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Hale v. Norcold Inc.

United States District Court, D. Arizona

August 5, 2019

Suzanne Hale, et al., Plaintiffs,
v.
Norcold Incorporated, et al., Defendants.

          ORDER

          HONORABLE STEVEN P. LOGAN UNITED STATES DISTRICT JUDGE.

         Before the Court is Norcold Incorporated, Thetford Corporation, and Dyson-Kissner-Moran Corporation (together, the “Defendants”) Motion to Dismiss Fraudulent Concealment Claim and to Dismiss Complaint Pursuant to Rule 8, or Alternatively, Motion to Strike (the “Motion”). (Doc. 5) The Motion was fully briefed on November 27, 2018. (Docs. 12, 14) The Court's ruling is as follows.

         I. Background

         On or about September 4, 2010, Suzanne and Jerry Hale (together, the “Plaintiffs”) purchased from a third party a recreational vehicle (“RV”) that came equipped with a Norcold 1200 gas absorption refrigerator (“Refrigerator”). (Doc. 1-3 at 41-42) Norcold Incorporated (“Norcold”) is a corporation whose stock is owned entirely by Thetford Corporation (“Thetford”) and Dyson-Kissner-Moran Corporation (“DKM”).[1] (Doc 1-3 at 5) The Refrigerator in the Plaintiffs' RV was manufactured by the Defendants on February 12, 2006, and installed in the RV thereafter. (Doc. 1-3 at 41-42)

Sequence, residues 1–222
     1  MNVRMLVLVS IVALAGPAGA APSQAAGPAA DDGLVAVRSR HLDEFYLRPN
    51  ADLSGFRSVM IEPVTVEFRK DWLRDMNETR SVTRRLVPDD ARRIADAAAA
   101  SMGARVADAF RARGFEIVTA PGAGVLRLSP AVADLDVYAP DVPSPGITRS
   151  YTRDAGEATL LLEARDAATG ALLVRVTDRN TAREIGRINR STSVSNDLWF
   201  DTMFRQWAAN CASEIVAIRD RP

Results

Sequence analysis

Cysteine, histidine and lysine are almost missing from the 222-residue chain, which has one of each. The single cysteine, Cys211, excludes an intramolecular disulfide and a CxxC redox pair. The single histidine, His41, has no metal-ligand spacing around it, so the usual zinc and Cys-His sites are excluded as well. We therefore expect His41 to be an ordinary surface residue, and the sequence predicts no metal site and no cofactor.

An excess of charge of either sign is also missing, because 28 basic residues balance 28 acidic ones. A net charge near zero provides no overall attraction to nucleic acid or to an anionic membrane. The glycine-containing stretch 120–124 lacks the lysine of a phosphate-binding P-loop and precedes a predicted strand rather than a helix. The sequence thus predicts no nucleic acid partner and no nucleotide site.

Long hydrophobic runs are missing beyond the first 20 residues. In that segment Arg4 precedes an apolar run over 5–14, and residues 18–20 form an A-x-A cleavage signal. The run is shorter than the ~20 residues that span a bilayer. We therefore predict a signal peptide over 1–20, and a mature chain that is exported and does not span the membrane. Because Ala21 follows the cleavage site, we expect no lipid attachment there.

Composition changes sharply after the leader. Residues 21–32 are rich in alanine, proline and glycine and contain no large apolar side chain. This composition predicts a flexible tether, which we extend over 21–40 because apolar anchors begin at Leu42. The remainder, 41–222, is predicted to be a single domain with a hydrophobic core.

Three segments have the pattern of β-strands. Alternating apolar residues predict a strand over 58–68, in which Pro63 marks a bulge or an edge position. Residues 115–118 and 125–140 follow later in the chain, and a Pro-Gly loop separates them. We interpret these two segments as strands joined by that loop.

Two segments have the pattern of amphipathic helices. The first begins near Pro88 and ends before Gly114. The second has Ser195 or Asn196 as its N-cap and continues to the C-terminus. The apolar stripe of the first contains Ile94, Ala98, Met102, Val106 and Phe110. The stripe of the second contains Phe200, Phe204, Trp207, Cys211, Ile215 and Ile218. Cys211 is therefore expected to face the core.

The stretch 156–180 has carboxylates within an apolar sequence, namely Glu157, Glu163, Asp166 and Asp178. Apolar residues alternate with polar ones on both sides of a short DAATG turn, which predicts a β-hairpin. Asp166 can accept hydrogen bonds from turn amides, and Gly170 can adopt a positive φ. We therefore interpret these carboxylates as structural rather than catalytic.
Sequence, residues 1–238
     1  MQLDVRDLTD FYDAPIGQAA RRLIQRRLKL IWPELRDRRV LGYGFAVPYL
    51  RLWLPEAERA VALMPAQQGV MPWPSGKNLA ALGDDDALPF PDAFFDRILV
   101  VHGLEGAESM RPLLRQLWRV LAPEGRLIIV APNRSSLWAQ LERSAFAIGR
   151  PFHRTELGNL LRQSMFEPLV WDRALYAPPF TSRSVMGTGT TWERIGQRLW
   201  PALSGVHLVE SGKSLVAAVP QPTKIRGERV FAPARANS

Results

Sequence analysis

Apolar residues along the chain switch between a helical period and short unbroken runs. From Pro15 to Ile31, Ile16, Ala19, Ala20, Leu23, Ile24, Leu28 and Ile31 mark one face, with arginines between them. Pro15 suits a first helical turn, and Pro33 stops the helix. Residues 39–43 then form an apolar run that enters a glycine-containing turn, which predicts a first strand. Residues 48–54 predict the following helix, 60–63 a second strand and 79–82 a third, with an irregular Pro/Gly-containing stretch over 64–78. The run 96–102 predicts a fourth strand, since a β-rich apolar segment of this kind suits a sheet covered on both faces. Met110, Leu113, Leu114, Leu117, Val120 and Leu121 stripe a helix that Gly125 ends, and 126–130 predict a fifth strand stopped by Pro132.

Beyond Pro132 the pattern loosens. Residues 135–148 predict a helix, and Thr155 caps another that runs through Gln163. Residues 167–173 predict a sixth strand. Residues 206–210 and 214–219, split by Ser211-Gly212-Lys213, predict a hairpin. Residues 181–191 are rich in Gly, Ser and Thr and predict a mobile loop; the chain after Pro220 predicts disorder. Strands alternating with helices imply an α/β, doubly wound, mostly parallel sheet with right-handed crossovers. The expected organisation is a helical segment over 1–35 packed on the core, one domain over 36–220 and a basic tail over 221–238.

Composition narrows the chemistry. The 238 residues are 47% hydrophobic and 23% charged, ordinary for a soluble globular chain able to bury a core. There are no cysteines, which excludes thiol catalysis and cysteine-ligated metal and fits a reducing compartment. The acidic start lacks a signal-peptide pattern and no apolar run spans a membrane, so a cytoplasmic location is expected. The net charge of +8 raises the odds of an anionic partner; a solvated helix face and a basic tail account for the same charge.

On the morning of September 29, 2016, Plaintiffs' RV was parked in Dewey, Arizona with neither Plaintiff inside. (Doc. 1-3 at 42) Shortly after 9:30 a.m., Jerry Hale saw the RV on fire with flames coming from the top refrigerator vent on the roof. (Doc. 1-3 at 42) The fire destroyed the RV and most of Plaintiffs' personal property. (Doc. 1-3 at 42) On January 20, 2017, an inspection of the RV revealed burn patterns on the Refrigerator consistent with the fire originating from a leak in the Refrigerator's boiler tube. (Doc. 1-3 at 45) The results of another inspection on July 26-28, 2017, were consistent with the fire having been caused by defective boiler tube design and a corrosion defect in the Refrigerator. (Doc. 1-3 at 46-47) Since at least 1997, the Defendants have designed, manufactured, and sold gas absorption refrigerators such as the one in the Plaintiffs' RV. (Doc. 1-3 at 11) The Plaintiffs allege that the Defendants concealed and misrepresented defects in their refrigerators to customers and federal regulators in a variety of ways between 1999 and 2012. (Doc. 1-3 at 26-39)